The Dish event between Glenn Beck and Eliot Spitzer did not go well for the former Governor. Despite weeks of painstaking preparation, Spitzer managed to lose badly to Glenn who wore a t-shirt and drew charts on his hand in sharpie. Clearly still steaming after the loss, he tried to save face on a liberal site, but failed once again.
“I wasn’t going to say anything until he wrote in Slate how, you know, he tried to engage me backstage and tried to talk to me about facts and I didn’t have any facts. No, Elliot. I don’t care. I don’t care about my little conversation with you. I was clawing my eyes out to get away from you,” Glenn said.
Stu tried to step in and defend Spitzer to an extent, saying, “Okay, you know. Look. He’s a guy who’s on Current. He’s trying to get attention for his show. You know, good for him. Good for him.”
The passion they summon for their anti-government rhetoric is based on a strong emotional need to channel a visceral anger against the state of the world—and the government has become the perfect target for their ire. What transforms their anti-government views into a form of bizarre patriotism is the way they turn the founders of the nation into paragons of virtue. They say that if only we had remained true to the virtues of the founders, things today would be all right.
I tried to counter their views in three ways. First, by disagreeing with their underlying and pervasive pessimism about the state of the world with what I think is a well-founded view that things, when viewed in the grand arc of history, are actually pretty good. At an ideological level, we are winning the larger global battles, and even if things are tough economically now, it is primarily because a greater and greater percentage of the world is participating in a market-based capitalist system that will create economic growth and relative peace in the long run. Second, by using facts, I tried to show that their attacks on President Obama’s policies are simply wrong—their rather bizarre libertarian views about the role of government and the economy simply don’t hold up under the slightest scrutiny. And third, I tried to show how our current politics and even the individual mandate for health insurance do in fact fit neatly into the vision of the nation as embodied by the Founding Fathers and our Constitution.
The result, quite frankly, was to convince not a single member of their camp. Perhaps that is not surprising, given the rather fractured and polarized nature of our politics, but it was troubling to me. Facts simply bounced off those who are in need of the psychological support offered by the Beckian world view.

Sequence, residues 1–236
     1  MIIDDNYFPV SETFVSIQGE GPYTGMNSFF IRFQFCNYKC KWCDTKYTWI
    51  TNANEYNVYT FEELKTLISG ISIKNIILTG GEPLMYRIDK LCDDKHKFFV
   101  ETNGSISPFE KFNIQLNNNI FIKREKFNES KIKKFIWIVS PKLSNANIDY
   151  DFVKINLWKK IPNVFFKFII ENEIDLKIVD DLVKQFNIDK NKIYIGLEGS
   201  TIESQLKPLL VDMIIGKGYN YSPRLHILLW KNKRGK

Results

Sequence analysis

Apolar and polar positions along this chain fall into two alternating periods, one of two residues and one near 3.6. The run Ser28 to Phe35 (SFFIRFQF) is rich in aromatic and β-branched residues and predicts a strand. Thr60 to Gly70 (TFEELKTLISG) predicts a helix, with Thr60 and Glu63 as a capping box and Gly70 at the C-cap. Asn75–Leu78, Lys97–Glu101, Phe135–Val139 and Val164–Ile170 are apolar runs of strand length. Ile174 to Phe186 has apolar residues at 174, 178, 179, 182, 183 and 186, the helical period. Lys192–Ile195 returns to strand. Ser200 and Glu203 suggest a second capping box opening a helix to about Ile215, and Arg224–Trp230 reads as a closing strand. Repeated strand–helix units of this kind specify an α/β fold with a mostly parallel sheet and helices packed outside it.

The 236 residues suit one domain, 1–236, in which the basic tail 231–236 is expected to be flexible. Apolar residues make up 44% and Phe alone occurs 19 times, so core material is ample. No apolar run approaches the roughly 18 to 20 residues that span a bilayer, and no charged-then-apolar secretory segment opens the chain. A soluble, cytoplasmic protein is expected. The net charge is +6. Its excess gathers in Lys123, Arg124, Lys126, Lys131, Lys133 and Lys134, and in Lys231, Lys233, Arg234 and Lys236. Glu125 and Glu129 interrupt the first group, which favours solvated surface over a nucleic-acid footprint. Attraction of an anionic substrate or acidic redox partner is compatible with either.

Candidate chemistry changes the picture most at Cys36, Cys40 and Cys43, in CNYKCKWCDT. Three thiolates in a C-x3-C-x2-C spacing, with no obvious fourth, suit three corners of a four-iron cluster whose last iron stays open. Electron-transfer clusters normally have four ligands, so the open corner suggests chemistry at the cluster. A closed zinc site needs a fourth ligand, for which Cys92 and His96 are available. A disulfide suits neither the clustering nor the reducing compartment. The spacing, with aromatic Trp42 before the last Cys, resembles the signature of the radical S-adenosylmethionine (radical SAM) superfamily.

“The reason why I bring this up is twofold. One, this is exactly what’s happening in the White House today. It was a clear route. I came in a T shirt and jeans and a pen that I wrote a chart on my hand. You came with all your charts and everything else and you got your ass kicked. That’s what happened. And you just can’t figure it out. And so it can’t be something that you are unplugged with. It has to be something wrong with the audience. He says in this deal, ‘I couldn’t convince a single Beckian. They all need psychological help.’ Uh huh. You know what’s really funny, Elliot, is the number of people that came there that were your fans. Believe it or not there were some there,” Glenn said.
“The people who were booing me at the beginning were – and Stu watched it. A ton of my people said that they saw it. The people who were booing me at the beginning were clapping below their – you know, in between their knees. They didn’t want to be seen on camera. They were clapping for me, Elliot, not for you. And why? I talked to them. I told the truth and they said – they came up to me and said, I hate to say this, I can’t believe I’m saying this to you, but I really enjoyed that. And I kind of agree with you on some of these things.”
“I talked to a guy who was atheist and he’s like, ‘Look, man, I don’t agree with you on the God thing,’ blah, blah blah. And we had a great conversation. Elliot, you didn’t convince anybody. You know why? Because you’re wrong. You’re wrong. And you say there’s no facts? “Glenn just pulls out these historical quotations that are completely irrelevant and disjointed.” Really? For a question on why do we even have the parties? How good are the parties doing us any good? The random quotation that was just in a machine, just kind of spit out, it makes no sense to quote George Washington’s farewell address, where he specifically says get away from the parties, that’s random and incoherent? Are you kidding me?”